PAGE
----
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CHAPTER 1 INTRODUCTION TO BAKING CHAPTER OBJECTIVES 1. Discuss the importance of accuracy in the bakeshop and how it is achieved. 2. Differentiate between volumetric and weight measurements and specify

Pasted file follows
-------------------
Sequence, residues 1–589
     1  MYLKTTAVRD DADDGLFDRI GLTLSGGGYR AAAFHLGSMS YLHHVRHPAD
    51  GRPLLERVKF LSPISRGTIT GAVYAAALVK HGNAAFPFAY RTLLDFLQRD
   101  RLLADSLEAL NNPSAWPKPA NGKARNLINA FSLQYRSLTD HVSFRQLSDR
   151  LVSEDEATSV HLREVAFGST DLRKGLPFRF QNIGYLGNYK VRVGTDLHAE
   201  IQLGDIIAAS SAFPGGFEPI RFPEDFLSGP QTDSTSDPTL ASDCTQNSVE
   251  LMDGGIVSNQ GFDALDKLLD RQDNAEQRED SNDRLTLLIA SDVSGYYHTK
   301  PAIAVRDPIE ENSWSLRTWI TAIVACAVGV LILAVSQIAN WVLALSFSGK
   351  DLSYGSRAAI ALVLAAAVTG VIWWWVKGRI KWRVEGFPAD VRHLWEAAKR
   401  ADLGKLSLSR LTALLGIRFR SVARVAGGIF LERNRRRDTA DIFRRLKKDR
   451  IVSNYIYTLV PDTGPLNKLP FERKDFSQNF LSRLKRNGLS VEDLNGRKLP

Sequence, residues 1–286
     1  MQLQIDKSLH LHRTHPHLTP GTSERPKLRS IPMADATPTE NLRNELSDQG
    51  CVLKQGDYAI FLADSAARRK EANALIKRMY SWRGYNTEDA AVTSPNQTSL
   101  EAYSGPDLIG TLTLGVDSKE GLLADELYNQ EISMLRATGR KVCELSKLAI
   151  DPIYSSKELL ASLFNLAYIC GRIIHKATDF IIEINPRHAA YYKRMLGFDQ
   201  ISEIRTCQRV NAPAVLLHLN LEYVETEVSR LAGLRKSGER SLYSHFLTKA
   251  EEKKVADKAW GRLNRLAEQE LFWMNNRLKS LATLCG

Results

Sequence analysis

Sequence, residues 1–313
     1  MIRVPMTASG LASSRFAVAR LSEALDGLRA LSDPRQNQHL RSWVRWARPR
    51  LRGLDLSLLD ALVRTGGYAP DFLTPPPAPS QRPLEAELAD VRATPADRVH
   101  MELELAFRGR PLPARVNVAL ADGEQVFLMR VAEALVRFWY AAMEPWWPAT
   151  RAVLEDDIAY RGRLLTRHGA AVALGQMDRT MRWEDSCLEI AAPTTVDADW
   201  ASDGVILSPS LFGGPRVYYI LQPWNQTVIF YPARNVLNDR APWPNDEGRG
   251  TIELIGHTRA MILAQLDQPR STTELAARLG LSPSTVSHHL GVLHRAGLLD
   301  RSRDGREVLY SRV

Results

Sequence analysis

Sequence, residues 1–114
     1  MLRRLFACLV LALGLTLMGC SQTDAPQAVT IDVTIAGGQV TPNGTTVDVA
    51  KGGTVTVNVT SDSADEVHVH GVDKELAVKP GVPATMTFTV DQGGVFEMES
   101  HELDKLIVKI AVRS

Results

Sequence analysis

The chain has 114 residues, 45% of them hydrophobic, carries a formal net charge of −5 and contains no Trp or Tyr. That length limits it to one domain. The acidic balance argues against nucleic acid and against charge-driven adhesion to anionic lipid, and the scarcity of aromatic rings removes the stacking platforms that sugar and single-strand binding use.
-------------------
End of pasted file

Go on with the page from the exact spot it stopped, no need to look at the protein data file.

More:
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CHAPTER 1 INTRODUCTION TO BAKING CHAPTER OBJECTIVES 1. Discuss the importance of accuracy in the bakeshop and how it is achieved. 2. Differentiate between volumetric and weight measurements and specify when each should be used. 3. Differentiate between metric and U.S. common units. 4. Introduce the concept of baker s percentages. 5. Discuss the importance of controlling ingredient temperatures. INTRODUCTION Those who enter the fields of baking and pastry arts do so for a variety of reasons. For some, it is the joy of working with their hands, of creating edible works of art from a few basic ingredients. For others, it is the rush they get from the fast pace of the bakeshop, or from its satisfying sights and smells. Still others like the challenge of pleasing and surprising customers. No matter the reason, the decision to work in the field is usually grounded in a love of food, and maybe past experience in a bakeshop or a home kitchen. Working in a professional bakeshop is different from baking at home, however. Production in a bakeshop is on a larger scale. It takes place day in and day out, sometimes under severe time pressures, in uncomfortably hot and humid conditions, and over long hours. Despite the discomforts and pressures, product quality must remain consistently high, because that is what the customer expects. It takes specialized knowledge and practiced skills to accomplish these goals successfully. It helps to be attentive to the sights, sounds, and smells of the bakeshop. Experienced bakers and pastry chefs, for example, listen to the sound of cake batter being beaten in a bowl, knowing that changes in sound accompany changes to the batter itself. They push and pummel bread dough to feel how it responds. They use smells from the oven to judge when baking is nearly complete, and they sample their finished products before presenting them to the customer. COPYRIGHTED MATERIAL ) 2 CHAPTER 1 INTRODUCTION TO BAKING HELPFUL HINT Baker s scales and their accessories (scoops and weights) must be cared for if they are to remain in balance. They should be wiped regularly with a damp cloth and mild detergent, and they should not be banged or dropped. These precautions are necessary to keep the scale reading accurately. To determine if a scale is in balance, empty both platforms and move the ounce weight indicator to the far left (i.e., to zero). With the scale at eye level, determine whether the platforms are at the same height. If they are not, adjust the weights located beneath the platforms as needed. Repeat this test with a scoop on the left platform and a counterweight on the right. If balancing is needed, do so by adding or removing weight from the counterweight. Experienced bakers and pastry chefs rely, too, on tools like timers and thermometers, because they know how time and temperature affect product quality. They also rely heavily on accurate scales. THE IMPORTANCE OF ACCURACY IN THE BAKESHOP Most bakery items are made of the same ingredients: flour, water, sugar, eggs, leavening agents, and fat. Sometimes the difference between two products is simply the method of preparation used in assembling the ingredients. Other times the difference is the proportion or amount of each ingredient in a formula. Because small differences in method and in proportion of ingredients can have a large effect on the quality of baked goods, it is crucial that bakers and pastry chefs follow methods of preparation carefully and measure ingredients properly. Otherwise, a product may turn out unexpectedly, or worse, it may turn out unacceptable or inedible. For example, if too much shortening and too few eggs are added to a formula for moist, chewy oatmeal cookies, the cookies will likely turn out crisp and dry. If the same error is made with cake batter, the result will likely be a complete failure, since eggs provide structure and volume. In fact, bakers and pastry chefs require a higher degree of accuracy when measuring ingredients than do culinary chefs in the kitchen. When the kitchen chef prepares a pot of soup, it doesn t really matter if a little less celery is added or an extra onion is included. The chef still has a pot of soup, and if the flavor is off, adjustments can be made along the way. Bakers and pastry chefs cannot make adjustments along the way. If too little salt is added to bread dough, it will do no good to sprinkle salt onto the bread once it is baked. Instead, ingredients must be weighed and measured accurately at the beginning. This means that, more so than kitchen chefs, bakers and pastry chefs are chemists in the kitchen. As with chemists, creativity and skill are important for success, but so is accuracy. If a formula calls for two pounds of flour, it doesn t mean around two pounds, more or less. It means two pounds. BALANCES AND SCALES Formulas used in the bakeshop are in some ways like recipes in the kitchen. Formulas include a list of ingredients and a method of preparation (MOP). Unlike recipes used by the kitchen chef, however, formulas include exact measurements for each ingredient, and these measurements are usually given in weights. The process of weighing ingredients is called scaling because pastry chefs use scales to weigh ingredients. The standard scale used in the bakeshop is a baker s balance scale. It measures ingredients by balancing them against known weights. It is an investment that should be selected for its durability and its precision. A good baker s scale can weigh amounts as large as 8 pounds (4 kilograms) or more and as small as 1/4 ounces (0.25 ounce or 5 grams). This provides the precision needed for most quantity food preparation. Bakers and pastry chefs sometimes use digital electronic scales. While many affordable electronic scales provide the same or better precision than baker s scales, it is not necessarily the case. The precision of a scale either baker s scale or electronic scale depends entirely on the scale s design and construction. UNITS OF MEASURE ) 3 MORE ON SCALE READABILITY The readability of a scale, sometimes represented as d for scale division, is literally the increments in weight that are read off the scale s display panel. As weight is added onto a scale with a readability of 5 grams, for example, the reading on the display panel will change from 0 grams, to 5 grams, to 10, 15, 20, and so on. No matter the weight of the ingredient, the scale displays the weight in increments of 5 grams. If a sample in fact weighs 6 grams, the display will read 5 grams. If it weighs 8.75 grams, the display will read 10 grams. Sometimes a scale fluctuates between readings. Let s say, for example, that the scale in the previous example keeps fluctuating between 5 grams and 10 grams. It is likely that the sample actually weighs about 7.5 grams, which is halfway between 5 grams and 10 grams. Most digital electronic scales provide information about precision also called readability and capacity on their front or back panels. For example, a scale that is marked 4.0 kg 5 g has a capacity of 4 kilograms, meaning it can measure quantities as large as 4 kilograms (about 8.8 pounds). The readability of this scale is 5 grams. Five grams is equivalent to just under 0.2 ounce, which is similar to the 0.25-ounce precision of a good baker s scale. Consider another electronic scale, one marked 100 oz. 0.1 oz. This scale has a capacity of 100 ounces (6.25 pounds or 2.84 kilograms) and a readability of 0.1 ounce (3 grams). The smaller value for readability indicates that this scale provides better precision than a typical baker s scale, making it useful for weighing small quantities of spices or flavorings. Just as baker s scales need to be checked periodically for accuracy, so too must digital scales. Digital scales typically come with a brass weight calibrated for accuracy. If the scale s reading does not match the mass of the brass weight, follow the manufacturer s instructions to adjust the scale. Because a scale is an important piece of equipment in a bakeshop, it is best to check its calibration at two different points (200 grams and 2000 grams, for example). The scale will need adjustment or repair if either of these two readings is off. How an ingredient is added to a digital scale can make a difference in the accuracy of the reading. For example, multiple small additions will sometimes read lower than the identical amount added all at once. This can happen because scales are generally designed so that they don t fluctuate excessively with air movement, and the scale cannot necessarily differentiate a small amount of product from air movement. Vibration, heat currents, cordless and cell phones, and static electricity should all be avoided, since they can affect the ability of a scale to read consistently. HELPFUL HINT To determine if a scale provides enough precision for the task at hand, consider the readability of the scale. A good rule of thumb is that a scale is acceptable for weighing an ingredient as long as the error in measurement does not exceed 10 percent. To ensure that the error does not exceed 10 percent, be sure that the readability of the scale is 10 percent or less than the amount to be weighed. Stated another way as a workable formula: Smallest quantity to be weighed scale readability 10 Consider a scale where the readability is 0.25 ounce (7 grams). This scale could appropriately weigh quantities as small as 2.5 ounces (70 grams) without more than a 10 percent error in measurement. Likewise, a scale with a readability of 0.1 ounce (3 grams) could adequately weigh quantities as small as 1 ounce (30 grams). UNITS OF MEASURE Digital and baker s scales measure in either standard U.S. common units (pounds and ounces; imperial units in Canada) or in metric units (kilograms and grams). Some versatile digital scales switch at the touch of a button from U.S./imperial units to metric units. Most countries throughout the world have adopted the metric ) 4 CHAPTER 1 INTRODUCTION TO BAKING HOW CAN AN OUNCE SCALE PROVIDE THE PRECISION OF A GRAM SCALE? One gram is a much smaller unit than one ounce (there are grams in an ounce), so how is it possible for an ounce scale to provide the precision of a gram scale? Certainly if the gram scale has a readability of 1 gram and the ounce scale has a readability of 1 ounce, the gram scale will measure more precisely than the ounce scale. But this is rarely the case. Take, for example, the description of the two electronic scales given earlier. The first scale is a gram scale, with a readability of 5 grams, or 0.2 ounce (5 grams divided by grams per ounce). The second scale is an ounce scale with a readability of 0.1 ounce (3 grams). In this particular example, the ounce scale weighs more precisely than the gram scale, because the design and construction of the scale allows it to read smaller amounts. TABLE 1.1 EQUIVALENCIES BETWEEN U.S. COMMON (IMPERIAL) AND METRIC UNITS WEIGHT 1 ounce = 28.4 grams 1 pound = 454 grams VOLUME 1 teaspoon = 4.9 milliliters 1 quart = 0.95 liters system. This provides a means of sharing formulas more easily across national borders. More importantly, the metric system is simpler to use once you become familiar with it. With the metric system, for example, fewer math calculations are needed when converting a formula to a new batch size. Since 1 kilogram in metric equals 1,000 grams, you simply move decimal points to convert from one size unit to another. For example, 1.48 kilograms is equal to 1,480 grams, and 343 grams is equal to kilograms. Try converting as quickly from pounds to ounces, or ounces to pounds! This ease of use is probably the main reason why more bakers and pastry chefs in North America are adopting the metric system for use in the bakeshop. Using the metric system, for the most part, does not require tedious math conversions from ounces to grams or pounds to kilograms. This makes it much easier to use the metric system than most people believe. Table 1.1 lists the metric equivalents of a few U.S. common (imperial) units, for those times when you do need to convert from one system to another. It is a common misconception that metric units provide better precision than U.S./ imperial units. In fact, metric units are not necessarily more precise, although they are simpler to use. Once again, the precision of measurements depends on the design and construction of the scale, not on the units used. WEIGHT AND VOLUME MEASUREMENTS Home cooks in North America use volumetric measurements measuring containers and measuring spoons for all ingredients, including dry ingredients. This is a problem when measuring certain ingredients. For example, flour settles over time. When flour settles, there is less air between particles. Density increases, and more flour is needed to fill a container. On the other hand, if flour is sifted before it is measured, there is more air between particles. Density decreases, and less flour is needed to fill a cup. To avoid these inconsistencies, pastry chefs and bakers do not use volumetric measurements for flour and other dry ingredients. Instead, they weigh dry ingredients and most liquid ingredients for accuracy. Density does not affect weight measurements the way it affects volume measurements. A pound of sifted flour weighs the same as a pound of unsifted flour, regardless of the density. They both weigh 1 pound! THE DIFFERENCE BETWEEN DENSITY AND THICKNESS ) 5 TABLE 1.2 A COMPARISON OF THE APPROXIMATE WEIGHTS OF 1 PINT AND 1 HALF LITER (500 MILLILITERS) OF VARIOUS INGREDIENTS APPROXIMATE WEIGHT APPROXIMATE WEIGHT PER U.S. PINT PER HALF LITER (500 ML) INGREDIENT (IN WEIGHT OUNCES) (IN GRAMS) Splenda Ginger, ground Flour, sifted Flour, unsifted Sugar, granulated Oil, vegetable Cream, heavy Water Milk, whole Eggs, whole Orange juice Coffee liqueur Simple syrup (equal parts sugar and water) Honey, molasses, and glucose corn syrups While some pastry chefs and bakers weigh all ingredients using a scale, others measure some liquids volumetrically. They use measuring containers for water and for liquids that have about the same density as water. While practices vary from bakeshop to bakeshop, ingredients that are often measured volumetrically include milk, cream, and eggs. Table 1.2 indicates why. Notice that the weights per pint (or per half liter) of milk, cream, and eggs are around the same as that of water. Measuring 1 pint of each of these ingredients yields about a pound or so (while these ingredients do not weigh exactly 1 pound per pint, they are approximately so; notice, however, that in the metric system, 1 half liter 500 milliliters of water at room temperature does weigh exactly 500 grams. This is not a coincidence). Many other liquids, including honey, corn syrup, and oil, have densities much different from water. These liquids must be weighed, because 1 pint will not weigh 1 pound. THE DIFFERENCE BETWEEN DENSITY AND THICKNESS Density is a measure of the compactness of particles or molecules in a liquid or solid. If the particles or molecules are loosely packed, the liquid or solid is not dense, and the weight per cup or per liter of that ingredient is low. If the particles or molecules are closely packed, the liquid or solid is dense, and the weight per cup or weight per liter of that ingredient is high. Viscosity or consistency is a measure of how easily a liquid flows. If a liquid s particles or molecules slide past each other easily, the liquid flows easily and is considered thin. If the particles or molecules bump or tangle HELPFUL HINT Do not judge the density of a liquid by its thickness. Unless you know for sure that the density of a liquid is close to that of water, assume that it is not; assume that it must be weighed. 6 ) CHAPTER 1 INTRODUCTION TO BAKING TABLE 1.3 VOLUMETRIC CONVERSIONS FOR U.S. COMMON UNITS 1 tablespoon 3 teaspoons 0.5 fluid ounce 1 cup 48 teaspoons 16 tablespoons 8 fluid ounces 1 pint 16 fluid ounces 2 cups 1 quart 32 fluid ounces 4 cups 2 pints 1 gallon 128 fluid ounces 16 cups 8 pints 4 quarts HELPFUL HINT If a formula includes measurements in ounces, be sure to check carefully to determine for each ingredient whether it is to be measured using fluid or weight ounces. Unless you know the density of an ingredient, do not interchange weight measurements with volumetric measurements, or vice versa. with each other, the liquid will not flow easily and is thick. This is the case with fruit purees. Tiny pulp pieces in fruit purees bump and tangle with one another, preventing water and pulp particles from flowing easily past one another. This makes the puree thick. Some common liquids honey and molasses, for example are both dense and thick. The molecules are close together, making these liquids dense, and the molecules do not slide easily past each other, making the liquids thick. But consider vegetable oil. Vegetable oil is thicker than water, yet it is less dense than water (that is why oil floats). Notice how the density of a liquid cannot be judged by looking at its thickness. THE DIFFERENCE BETWEEN WEIGHT OUNCES AND FLUID OUNCES Refer to Table 1.3, which lists conversions between U.S. common volumetric measurements. Notice that there are 16 ounces in a pint (2 cups). Recall that there are 16 ounces in a pound. Why, then, did we see from Table 1.1 that a pint does not weigh 1 pound for all ingredients? Likewise, how can there be 16 tablespoons in a cup and 8 ounces in a cup, but 16 tablespoons does not necessarily weigh 8 ounces? These are the problems that result when one word ounce is used to represent two different concepts. The term ounce represents a unit of weight or mass. It can also represent volume or capacity. That is, there are weight ounces that measure weight, and there are fluid ounces that measure volume. Notice that Table 1.3 specifies fluid ounces, not weight ounces, in each conversion. While 1 fluid ounce sometimes does weigh 1 ounce, it is not necessarily so. Consider feathers and bullets. No one expects 1 cup of feathers to weigh the same as 1 cup of bullets. Likewise, food ingredients vary in how much they weigh per cup. Refer back to Table 1.2, which lists several ingredients arranged from less dense to more dense and their weights per pint (2 cups) and per half liter (500 milliliters). Notice the large range in values. This shows that the expression a pint s a pound the world round is not only false for feathers and bullets, but it is also false for many common bakeshop ingredients. It is approximately true for water and for ingredients with the same density as water. Because 1 fluid ounce of water (and ingredients with the same density as water) weighs about 1 ounce, and 1 milliliter of water weighs 1 gram, for practical purposes it doesn t matter whether water is weighed on a scale or measured volumetrically. PHOTO 1.1 A comparison of volumes of equal weights of maple syrup, water, and flour. Photo by Aaron Seyfarth BAKER S PERCENTAGES ) 7 BAKER S PERCENTAGES Formulas, especially bread formulas, are sometimes expressed in percentages called baker s percentages. With baker s percentages, each ingredient is expressed as a certain ratio or percent of the total amount of flour in the formula. Flour is used as the basis for baker s percentages because it is typically the predominant ingredient in most baked goods. Since the total amount of flour is designated as 100 percent, the percentages of all ingredients add up to more than 100 percent. Table 1.4 provides an example of a bread formula expressed in weight and in baker s percentages. Notice that more than one type of flour is included in this formula, but that together the weight of the flours adds up to 100 percent. For formulas that do not contain flour, each ingredient is expressed as a percentage of the predominant and characteristic ingredient. In the case of a date filling, for example, each ingredient is expressed as a percentage of the amount of dates (Tab